At Oakes & Fosher, we can explain why equity indexed annuities are not a good opportunity for investment. If you or someone you know was victimized by equity indexed annuities, contact Oakes & Fosher today for your free consultation.


Types of Annuities

Equity Indexed AnnuitiesAnnuities are investments designed for an individual’s retirement. Essentially, an investor pays scheduled premiums up until their retirement date—at which point they begin receiving scheduled distributions that act as their income during retirement.

Fixed Annuities

Think of a fixed annuity as a supercharged savings account. When you put your money into a fixed annuity, the company you invest with promises to pay you back your money plus interest. The fixed part means that the extra money you get is based on a set interest rate.

If you like knowing exactly how much money you’ll have coming in, you might like this choice. You can predict the payments you get in the future because they’re based on the money you put in and the agreed-upon interest rate.

Variable Annuities

Instead of getting a fixed amount of interest, the annuity will invest your money in stocks or bonds. Think of it as owning a tiny slice of different companies or loans.

Because the value of these investments can go up or down, the amount of money you get back can change, too. If the investments do well, you could get more money in your retirement. But if they don’t do as well, you might get less. This is for those who are okay with a bit of uncertainty and hope for the chance to get more money in return for taking some risks.

Both types of annuities have their place, depending on what you want. If you prefer knowing exactly what you’ll get, you may prefer a fixed annuity. But if you’re willing to take some chances for potentially more money, you may want a variable annuity. It’s all about what makes you feel most comfortable and secure about your future.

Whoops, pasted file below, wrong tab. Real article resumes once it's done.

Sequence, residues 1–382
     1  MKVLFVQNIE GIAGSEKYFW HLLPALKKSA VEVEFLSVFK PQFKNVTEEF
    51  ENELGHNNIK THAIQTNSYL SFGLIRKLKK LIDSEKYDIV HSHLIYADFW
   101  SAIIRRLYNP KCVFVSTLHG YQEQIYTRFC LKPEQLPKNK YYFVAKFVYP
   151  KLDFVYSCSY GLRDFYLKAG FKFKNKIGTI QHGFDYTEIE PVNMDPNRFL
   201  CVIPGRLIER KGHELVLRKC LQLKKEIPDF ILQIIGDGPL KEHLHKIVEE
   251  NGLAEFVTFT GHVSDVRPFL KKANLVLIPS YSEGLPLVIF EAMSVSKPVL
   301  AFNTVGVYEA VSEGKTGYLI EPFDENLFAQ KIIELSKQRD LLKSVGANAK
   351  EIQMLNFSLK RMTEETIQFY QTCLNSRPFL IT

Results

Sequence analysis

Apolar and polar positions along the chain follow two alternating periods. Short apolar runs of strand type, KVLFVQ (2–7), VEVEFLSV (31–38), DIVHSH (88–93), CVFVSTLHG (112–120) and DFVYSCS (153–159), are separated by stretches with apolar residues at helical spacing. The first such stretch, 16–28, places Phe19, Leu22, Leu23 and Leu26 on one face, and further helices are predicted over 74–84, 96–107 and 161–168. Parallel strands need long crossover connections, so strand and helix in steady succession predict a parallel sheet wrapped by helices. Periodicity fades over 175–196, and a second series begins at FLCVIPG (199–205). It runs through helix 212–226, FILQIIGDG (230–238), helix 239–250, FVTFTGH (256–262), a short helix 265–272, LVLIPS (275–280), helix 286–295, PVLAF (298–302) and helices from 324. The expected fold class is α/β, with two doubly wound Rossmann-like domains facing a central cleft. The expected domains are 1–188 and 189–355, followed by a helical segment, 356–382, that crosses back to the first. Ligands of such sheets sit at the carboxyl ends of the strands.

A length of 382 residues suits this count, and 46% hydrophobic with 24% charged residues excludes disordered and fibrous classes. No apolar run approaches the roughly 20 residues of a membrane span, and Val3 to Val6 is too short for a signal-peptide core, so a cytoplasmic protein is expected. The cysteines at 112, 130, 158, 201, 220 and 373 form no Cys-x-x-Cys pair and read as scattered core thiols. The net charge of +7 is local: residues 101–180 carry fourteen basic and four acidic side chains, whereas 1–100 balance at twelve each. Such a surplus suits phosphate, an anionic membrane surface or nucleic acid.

What Is an Equity Indexed Annuity?

An equity indexed annuity falls somewhere in between these two. This annuity proves alluring to some investors because it is pitched as a way to see profits on their annuity without actually exposing their principal to risk.

Essentially, the investor receives part of the interest they would have received for a normal fixed annuity. The annuity links the rest of the return to an equities index like the S&P 500. The investor can see returns based on how the index performs over the life of their annuity.

The Downside of Equity Indexed Annuities

The Downside of Equity Indexed AnnuitiesWhat investors are not told is how truly illiquid these products are—even more so than regular fixed and variable annuities. Cancellation fees for these annuities can range up to 20%. The length of the surrender period is longer than with a regular variable or fixed annuity. Because of this, these products should never be recommended to investors with higher liquidity needs.

Many securities brokers ignore their duty of acting in the client’s best interest and recommend equity indexed annuities because of the incredibly high commissions they receive when selling this product. Brokers can receive commissions as high as 10% of the premiums paid when an individual purchases an equity indexed annuity.